Irish restaurants call on government to shut them down

A notice about coronavirus is pictured as pub doors are locked in the Temple Bar area, as bars across Ireland close voluntarily to curb the spread of coronavirus, in Dublin, Ireland, March 15, 2020.
A notice about coronavirus is pictured as pub doors are locked in the Temple Bar area, as bars across Ireland close voluntarily to curb the spread of coronavirus, in Dublin, Ireland, March 15, 2020.
Image: REUTERS/ LORRAINE O'SULLIVAN

Ireland’s restaurant lobby group called on Monday for the government to shut the entire industry down, as it has already done with pubs.

Ireland on Sunday said all bars in the country should close until at least the end of the month to curb the spread of coronavirus, after videos of groups singing in packed Dublin venues sparked anger on social media.

Ireland, which has 169 confirmed coronavirus cases and two deaths, closed universities and schools last week, and advised people to cancel all indoor gatherings above 100 people and to keep their distance in smaller groups.

Unable to implement the “social distancing” measures, many pubs announced voluntary closures before the government shutdown, and restaurants around the country have followed suit, as cautious customers stay at home and tourists stay away.

“We want to close but they need to tell us so that everybody closes. This needs to happen this morning in the best interests of people's health,” Restaurants Association of Ireland chief executive Adrian Cummins told national broadcaster RTE.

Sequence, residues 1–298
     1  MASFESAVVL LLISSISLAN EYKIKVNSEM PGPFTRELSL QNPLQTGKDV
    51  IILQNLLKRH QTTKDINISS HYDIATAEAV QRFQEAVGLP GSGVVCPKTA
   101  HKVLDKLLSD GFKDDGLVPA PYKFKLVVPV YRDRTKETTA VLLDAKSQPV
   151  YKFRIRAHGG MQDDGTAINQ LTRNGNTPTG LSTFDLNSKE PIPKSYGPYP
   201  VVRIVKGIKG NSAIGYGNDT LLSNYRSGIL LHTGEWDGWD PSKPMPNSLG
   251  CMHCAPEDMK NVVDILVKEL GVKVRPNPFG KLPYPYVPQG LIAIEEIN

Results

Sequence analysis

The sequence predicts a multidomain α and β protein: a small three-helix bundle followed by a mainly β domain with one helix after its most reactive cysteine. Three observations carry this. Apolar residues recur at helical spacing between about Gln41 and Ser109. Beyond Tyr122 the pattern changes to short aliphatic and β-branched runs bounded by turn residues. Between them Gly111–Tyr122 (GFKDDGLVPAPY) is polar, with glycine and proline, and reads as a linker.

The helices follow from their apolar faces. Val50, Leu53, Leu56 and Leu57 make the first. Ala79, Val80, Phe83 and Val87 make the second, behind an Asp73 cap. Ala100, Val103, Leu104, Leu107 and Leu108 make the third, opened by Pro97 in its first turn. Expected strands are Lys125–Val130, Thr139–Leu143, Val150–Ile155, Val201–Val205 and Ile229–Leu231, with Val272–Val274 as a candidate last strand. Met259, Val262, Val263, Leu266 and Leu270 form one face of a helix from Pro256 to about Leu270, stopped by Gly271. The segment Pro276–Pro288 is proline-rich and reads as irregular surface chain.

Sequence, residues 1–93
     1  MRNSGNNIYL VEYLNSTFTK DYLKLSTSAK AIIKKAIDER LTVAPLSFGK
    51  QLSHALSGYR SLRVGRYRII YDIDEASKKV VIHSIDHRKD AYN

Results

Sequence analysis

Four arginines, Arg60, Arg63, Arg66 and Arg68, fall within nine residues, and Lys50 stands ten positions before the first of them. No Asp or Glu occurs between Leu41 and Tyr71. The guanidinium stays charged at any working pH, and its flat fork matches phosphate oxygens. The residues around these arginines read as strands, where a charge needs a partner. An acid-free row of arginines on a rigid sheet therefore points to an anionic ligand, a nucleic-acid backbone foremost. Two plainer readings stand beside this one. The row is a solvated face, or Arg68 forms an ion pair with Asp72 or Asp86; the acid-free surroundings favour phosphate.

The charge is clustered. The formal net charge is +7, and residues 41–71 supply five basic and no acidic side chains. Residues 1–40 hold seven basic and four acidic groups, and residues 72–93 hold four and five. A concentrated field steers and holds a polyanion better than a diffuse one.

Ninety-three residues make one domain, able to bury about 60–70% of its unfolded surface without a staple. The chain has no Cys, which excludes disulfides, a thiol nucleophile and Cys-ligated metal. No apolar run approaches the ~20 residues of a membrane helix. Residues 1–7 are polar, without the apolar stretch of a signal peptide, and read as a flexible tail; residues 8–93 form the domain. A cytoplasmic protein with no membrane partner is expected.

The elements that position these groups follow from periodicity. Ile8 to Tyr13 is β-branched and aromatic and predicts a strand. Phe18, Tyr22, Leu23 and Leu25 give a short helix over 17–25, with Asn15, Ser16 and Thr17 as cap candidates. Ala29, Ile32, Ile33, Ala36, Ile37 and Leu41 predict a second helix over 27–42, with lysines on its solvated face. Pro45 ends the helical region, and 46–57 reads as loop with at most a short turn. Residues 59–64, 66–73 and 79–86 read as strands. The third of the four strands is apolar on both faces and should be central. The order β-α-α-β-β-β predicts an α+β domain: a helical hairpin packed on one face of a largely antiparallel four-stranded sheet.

“The staff in premises that did open, they’re appealing to their owners to say ‘I’m afraid to be working in this premise at the moment because I’m so afraid of social distancing and catching the virus’.”

Cummins estimated that 70,000 staff would lose their jobs if all restaurants shut and expected that 30,000 workers already had. Pub owners’ group the Licensed Vintners Association said on Sunday that 50,000 jobs would be affected by the pub closures.

Ireland’s economy was the fastest growing in the European Union before the outbreak, bringing the unemployment rate down to 4.8% and its workforce up to a record 2.36 million people.

The pub closures came just two days before Ireland’s national holiday, St Patrick’s Day, which traditionally sees bars across the country packed from early in the day. The annual parade celebrating the day had already been cancelled.

Speaking ahead of a twice weekly special cabinet meeting on the coronavirus, Deputy Prime Minister Simon Coveney said the government would give clarity on the issue later on Monday but that did not mean it will decide to close restaurants.

“We’ll make the decision when we're ready to make the decision,” Coveney told RTE. “I don’t think you're going to see any dramatic new decisions made today, I think you’ll see a refining of existing decisions trying to reassure and inform people who may be losing their jobs.” — Reuters


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